The Times says people in Birstall, where she was stabbed and shot in the street, were still reeling from the death of their beloved "Yorkshire lass".

Image copyright AFP
Image caption A church service was held to remember the life of Jo Cox

Supermarkets sold out of flowers, prayers were said in church for her family and the world's media saw her constituents break down in tears, it continues.

The Telegraph recounts: "Jo Cox's grieving husband has revealed how he took the couple's two young children camping at the weekend to remember the happy times the family spent together under the stars."

Brendan Cox said his wife had loved the great outdoors and so he and the children had camped out on Saturday night in order to be close to her.

"In a moving tweet, Mr Cox said the three of them had reflected on the last time they had been together as a family and had been woken by the beautiful sound of the dawn chorus."

The Sun says there are growing calls for the man who tried to save Mrs Cox, 77-year-old Bernard Kenny, to be honoured for bravery.

Statue battle

The Times carries news of something of a falling out between supporters of two Victorian nurses who famously worked in the Crimean War, Florence Nightingale and Mary Seacole.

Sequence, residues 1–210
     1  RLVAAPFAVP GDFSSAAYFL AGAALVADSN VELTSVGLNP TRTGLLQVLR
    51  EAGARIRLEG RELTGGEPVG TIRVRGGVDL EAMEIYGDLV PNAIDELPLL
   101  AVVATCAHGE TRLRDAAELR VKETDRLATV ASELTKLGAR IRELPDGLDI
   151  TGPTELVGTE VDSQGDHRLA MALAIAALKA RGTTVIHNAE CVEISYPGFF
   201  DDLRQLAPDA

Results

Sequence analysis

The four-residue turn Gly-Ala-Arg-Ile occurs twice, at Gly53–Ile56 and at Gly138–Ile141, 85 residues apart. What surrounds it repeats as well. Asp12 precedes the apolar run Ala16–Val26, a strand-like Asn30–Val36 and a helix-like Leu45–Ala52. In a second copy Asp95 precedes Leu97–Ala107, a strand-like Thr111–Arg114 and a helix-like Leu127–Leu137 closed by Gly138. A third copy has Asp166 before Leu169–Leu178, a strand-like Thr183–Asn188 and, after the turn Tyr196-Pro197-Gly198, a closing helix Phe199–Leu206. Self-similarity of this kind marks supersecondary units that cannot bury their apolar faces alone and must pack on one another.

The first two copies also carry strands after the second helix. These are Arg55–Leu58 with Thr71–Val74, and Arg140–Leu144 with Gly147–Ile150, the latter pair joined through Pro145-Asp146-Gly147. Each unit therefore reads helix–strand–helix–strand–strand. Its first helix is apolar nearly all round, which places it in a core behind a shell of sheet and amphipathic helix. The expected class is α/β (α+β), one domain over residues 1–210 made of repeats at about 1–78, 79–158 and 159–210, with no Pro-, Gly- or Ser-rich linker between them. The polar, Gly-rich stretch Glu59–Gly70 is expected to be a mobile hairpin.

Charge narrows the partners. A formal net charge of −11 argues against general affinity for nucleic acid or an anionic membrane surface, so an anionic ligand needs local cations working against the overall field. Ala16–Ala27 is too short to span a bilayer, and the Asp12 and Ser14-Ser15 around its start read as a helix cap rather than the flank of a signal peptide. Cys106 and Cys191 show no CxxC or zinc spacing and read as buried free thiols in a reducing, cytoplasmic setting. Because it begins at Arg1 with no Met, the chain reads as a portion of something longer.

Seacole, who in 2004 was voted the greatest black Briton, is about to get her own statue - and the Florence Nightingale Society is seething, says the Times.

Apparently they are furious that the statue, due to be unveiled at the end of the month, is taller than those of Nightingale in Waterloo Place and World War One nurse Edith Cavell outside the National Portrait Gallery.

Also, it will be outside St Thomas' Hospital in London where Nightingale founded her nursing school.

In a letter to the Times, a group of historians and Nightingale biographers write: "Mrs Seacole's battlefield excursions (three only - she missed the major ones) took place post-battle, after selling wine and sandwiches to spectators.

"Mrs Seacole was a kind and generous businesswoman, but was not a frequenter of the battlefield 'under fire' or a pioneer of nursing.

"We would gladly support a Seacole statue, to honour her for her own work and not at Nightingale's hospital."

Lord Soley, who began campaigning for a Seacole statue more than a decade ago, said opposition from the Nightingale backers was "frustrating and rather sad".

"Florence Nightingale will not be undermined by this statue," he said.